3

Table LogCount:

Column1 int       not null
Column2 int       not null
Column3 int       not null
[Date]  datetime  not null
[Count] float(53) not null

This table contains ~86 million rows and has the following indexes:

alter table LogCount add constraint PK_LogCount_Id primary key clustered 
( [Date], Column1, Column2, Column3 )
go
create nonclustered index IX_Column2_Date on LogCount ( Column2, [Date] )
include ( [Count] )
go

sp_spaceused gives the following:

name        rows        reserved    data        index_size  unused  
LogCount    85800181    8089216 KB  4226664 KB  3860968 KB  1584 KB

The Count column doesn't and never will store floating-point numbers, only integers, so I changed it to a smallint which (I expected) will save 6 bytes per row (float(53) = 8 bytes, smallint = 2 bytes):

drop index LogCount.IX_Column2_Date
go
alter table LogCount alter column [Count] smallint not null
go
create nonclustered index IX_Column2_Date on LogCount ( Column2, [Date] )
include ( [Count] )
go

Then I reran sp_spaceused:

name        rows        reserved    data        index_size  unused
LogCount    85800181    7670848 KB  5255528 KB  2414496 KB  824 KB

As expected, the index size has decreased drastically, but the data size has increased by a gigabyte!

I then reran the drop/alter/create statement above but using int (4 bytes) and got the following result:

name        rows        reserved    data        index_size  unused
LogCount    85800181    7848032 KB  5255528 KB  2591688 KB  816 KB

Then I tried float(1) (also 4 bytes):

name        rows        reserved    data        index_size  unused
LogCount    85800181    7848016 KB  5255528 KB  2591672 KB  816 KB

Finally I went back to the original float(53):

name        rows        reserved    data        index_size  unused
LogCount    85800181    10680584 KB 7726896 KB  2952464 KB  1224 KB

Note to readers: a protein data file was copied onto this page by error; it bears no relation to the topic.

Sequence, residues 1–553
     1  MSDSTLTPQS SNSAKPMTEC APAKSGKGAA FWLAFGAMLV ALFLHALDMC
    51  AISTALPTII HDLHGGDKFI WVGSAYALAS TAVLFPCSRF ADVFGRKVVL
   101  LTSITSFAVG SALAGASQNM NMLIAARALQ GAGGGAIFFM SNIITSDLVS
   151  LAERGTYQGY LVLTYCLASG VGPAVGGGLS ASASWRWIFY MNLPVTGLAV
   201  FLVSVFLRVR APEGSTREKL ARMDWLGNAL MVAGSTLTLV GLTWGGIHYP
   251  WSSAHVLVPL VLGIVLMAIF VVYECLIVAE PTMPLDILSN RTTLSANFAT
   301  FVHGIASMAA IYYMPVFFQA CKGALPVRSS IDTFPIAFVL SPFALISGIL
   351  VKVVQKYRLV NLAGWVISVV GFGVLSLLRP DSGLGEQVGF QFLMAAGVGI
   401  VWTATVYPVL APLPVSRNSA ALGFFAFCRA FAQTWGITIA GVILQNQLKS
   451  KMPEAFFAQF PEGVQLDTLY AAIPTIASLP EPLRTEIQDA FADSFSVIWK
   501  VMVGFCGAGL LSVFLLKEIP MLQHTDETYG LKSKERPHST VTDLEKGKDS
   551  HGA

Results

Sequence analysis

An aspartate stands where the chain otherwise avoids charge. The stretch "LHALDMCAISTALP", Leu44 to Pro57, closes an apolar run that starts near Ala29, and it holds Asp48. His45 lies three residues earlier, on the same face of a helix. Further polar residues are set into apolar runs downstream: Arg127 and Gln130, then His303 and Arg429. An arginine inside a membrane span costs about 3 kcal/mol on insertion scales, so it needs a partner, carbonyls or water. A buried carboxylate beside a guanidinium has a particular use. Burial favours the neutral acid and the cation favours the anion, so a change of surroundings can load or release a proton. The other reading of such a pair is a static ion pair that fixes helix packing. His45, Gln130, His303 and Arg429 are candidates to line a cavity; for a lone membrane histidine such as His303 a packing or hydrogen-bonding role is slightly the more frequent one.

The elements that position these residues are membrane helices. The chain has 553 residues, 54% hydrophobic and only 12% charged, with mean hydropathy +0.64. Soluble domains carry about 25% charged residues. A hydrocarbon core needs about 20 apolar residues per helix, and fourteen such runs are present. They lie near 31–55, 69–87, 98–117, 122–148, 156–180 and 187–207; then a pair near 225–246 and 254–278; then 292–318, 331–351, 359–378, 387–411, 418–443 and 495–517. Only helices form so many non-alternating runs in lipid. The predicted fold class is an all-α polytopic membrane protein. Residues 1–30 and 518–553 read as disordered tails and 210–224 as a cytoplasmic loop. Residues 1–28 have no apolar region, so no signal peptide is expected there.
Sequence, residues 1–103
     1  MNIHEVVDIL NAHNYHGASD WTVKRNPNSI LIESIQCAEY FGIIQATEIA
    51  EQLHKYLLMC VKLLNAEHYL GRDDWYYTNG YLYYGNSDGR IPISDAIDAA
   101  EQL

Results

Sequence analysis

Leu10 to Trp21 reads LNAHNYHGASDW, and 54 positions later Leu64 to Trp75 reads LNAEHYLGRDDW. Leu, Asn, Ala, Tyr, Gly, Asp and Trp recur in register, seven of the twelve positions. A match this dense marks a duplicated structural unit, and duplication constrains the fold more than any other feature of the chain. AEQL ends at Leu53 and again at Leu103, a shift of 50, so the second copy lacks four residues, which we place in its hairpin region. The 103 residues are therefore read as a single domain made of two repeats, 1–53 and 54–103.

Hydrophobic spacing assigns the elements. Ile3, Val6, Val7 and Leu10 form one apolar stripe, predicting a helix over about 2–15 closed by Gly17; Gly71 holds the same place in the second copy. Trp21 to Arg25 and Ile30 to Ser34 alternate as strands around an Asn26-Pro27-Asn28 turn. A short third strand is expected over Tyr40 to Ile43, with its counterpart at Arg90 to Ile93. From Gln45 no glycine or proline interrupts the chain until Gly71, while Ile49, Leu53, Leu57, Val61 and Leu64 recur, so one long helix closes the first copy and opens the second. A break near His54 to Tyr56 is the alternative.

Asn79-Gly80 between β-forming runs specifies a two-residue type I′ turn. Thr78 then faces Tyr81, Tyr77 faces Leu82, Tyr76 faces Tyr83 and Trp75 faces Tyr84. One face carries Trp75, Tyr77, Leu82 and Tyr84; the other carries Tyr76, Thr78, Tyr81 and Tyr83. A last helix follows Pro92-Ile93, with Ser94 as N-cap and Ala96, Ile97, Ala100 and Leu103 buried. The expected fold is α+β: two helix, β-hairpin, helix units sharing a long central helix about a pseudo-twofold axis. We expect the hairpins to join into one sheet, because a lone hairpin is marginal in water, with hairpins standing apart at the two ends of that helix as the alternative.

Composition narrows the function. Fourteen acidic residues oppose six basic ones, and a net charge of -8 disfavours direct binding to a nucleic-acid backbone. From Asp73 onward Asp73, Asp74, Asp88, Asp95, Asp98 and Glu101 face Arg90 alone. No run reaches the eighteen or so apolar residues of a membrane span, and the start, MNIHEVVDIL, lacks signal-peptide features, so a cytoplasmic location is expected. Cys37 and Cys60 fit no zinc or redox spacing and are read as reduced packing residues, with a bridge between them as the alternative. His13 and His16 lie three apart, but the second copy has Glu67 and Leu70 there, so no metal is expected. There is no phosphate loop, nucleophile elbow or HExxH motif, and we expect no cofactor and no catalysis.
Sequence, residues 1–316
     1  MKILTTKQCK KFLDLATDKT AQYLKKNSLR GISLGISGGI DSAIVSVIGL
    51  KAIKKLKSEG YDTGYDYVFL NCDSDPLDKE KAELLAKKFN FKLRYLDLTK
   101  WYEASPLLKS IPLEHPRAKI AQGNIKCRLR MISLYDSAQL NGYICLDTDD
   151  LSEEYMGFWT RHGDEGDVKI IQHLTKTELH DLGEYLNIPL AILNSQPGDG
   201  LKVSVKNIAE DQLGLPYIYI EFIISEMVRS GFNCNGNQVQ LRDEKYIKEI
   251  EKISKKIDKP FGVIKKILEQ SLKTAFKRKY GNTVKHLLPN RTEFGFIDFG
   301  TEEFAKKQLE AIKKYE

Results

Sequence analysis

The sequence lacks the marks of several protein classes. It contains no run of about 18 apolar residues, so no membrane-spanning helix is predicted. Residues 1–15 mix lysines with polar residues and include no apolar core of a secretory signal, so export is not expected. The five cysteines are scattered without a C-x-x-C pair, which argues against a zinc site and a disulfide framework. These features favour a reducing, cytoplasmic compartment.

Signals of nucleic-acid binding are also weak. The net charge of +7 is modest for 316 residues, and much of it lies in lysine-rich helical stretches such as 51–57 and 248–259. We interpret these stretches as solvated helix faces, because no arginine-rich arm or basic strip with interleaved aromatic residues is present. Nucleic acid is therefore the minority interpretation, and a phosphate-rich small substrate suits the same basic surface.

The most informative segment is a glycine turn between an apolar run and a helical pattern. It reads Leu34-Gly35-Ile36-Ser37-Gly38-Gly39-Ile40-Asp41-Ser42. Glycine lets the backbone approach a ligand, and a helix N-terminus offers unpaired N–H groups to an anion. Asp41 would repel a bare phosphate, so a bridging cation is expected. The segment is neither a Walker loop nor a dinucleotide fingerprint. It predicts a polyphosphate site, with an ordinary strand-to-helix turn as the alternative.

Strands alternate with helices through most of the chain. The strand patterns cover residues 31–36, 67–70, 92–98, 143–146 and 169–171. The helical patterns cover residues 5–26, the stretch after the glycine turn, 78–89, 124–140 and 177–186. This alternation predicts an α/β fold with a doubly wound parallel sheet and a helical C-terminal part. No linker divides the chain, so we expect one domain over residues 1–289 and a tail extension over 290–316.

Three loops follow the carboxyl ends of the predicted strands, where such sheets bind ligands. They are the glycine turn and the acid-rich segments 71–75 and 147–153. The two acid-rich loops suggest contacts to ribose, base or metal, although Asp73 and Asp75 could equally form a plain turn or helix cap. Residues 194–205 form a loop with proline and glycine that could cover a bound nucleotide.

Compared to the original, the data size has increased by ~3.3 GB (almost doubled) while the index size has decreased by ~900MB.

A colleague suggested the culprit could be that MSSQL is allocating additional pages for the alter column statement and not freeing them afterwards, so I also tried executing dbcc shrinkdatabase after each step, but the results were the same.

So my questions:

  1. Why does altering a column from a larger to a smaller datatype, cause more data space to be used?
  2. Is sp_spaceused reliable? If not, what should I be using instead? If there isn't a better option, how do I determine if changing a column's datatype will have a positive or negative effect on disk space usage?
  • 1
    Have you rebuilt your table and indexes? – Stijn Wynants Mar 22 '16 at 12:34
  • 1
    This is not a situation for dbcc shrinkdatabase. Very few situations exist where this is the right course of action - in most cases this will make things worse, not better. You likely have free space on pages, which can be reclaimed through a rebuild / create index with drop_existing. Shrink operations just move existing pages around - so while you might be able to make your file smaller, you won't change any of the metrics you're capturing (it won't do anything page-level). Also, sp_spaceused is a bit unreliable in that you have to be sure to pass in the argument for @updateusage=true. – Aaron Bertrand Mar 22 '16 at 13:39
  • Thanks all - I didn't know about alter table ... rebuild which is exactly what I needed. – Ian Kemp Mar 29 '16 at 6:31
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When changing the data type of a column, SQL Server will choose to either:

  • Change the metadata only;
  • Change the metadata and read all the existing values to ensure they fit; or
  • Change every row physically

Even if every row must be changed, SQL Server still take steps (where possible) to prioritize speed over final size, on the basis that we want DDL changes to complete as quickly as possible. Optimizing the storage space can wait for a maintenance window.

Changing float to smallint can be accommodated within the existing space allocated for the row, but it does leave some unused space. As has been mentioned, this can be reclaimed by fully rebuilding the changed structure.

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2

You need to run ALTER TABLE ... REBUILD to free the space left unused by the DDL modifications.

See MSDN for details at https://msdn.microsoft.com/en-us/library/ms190273.aspx?f=255&MSPPError=-2147217396

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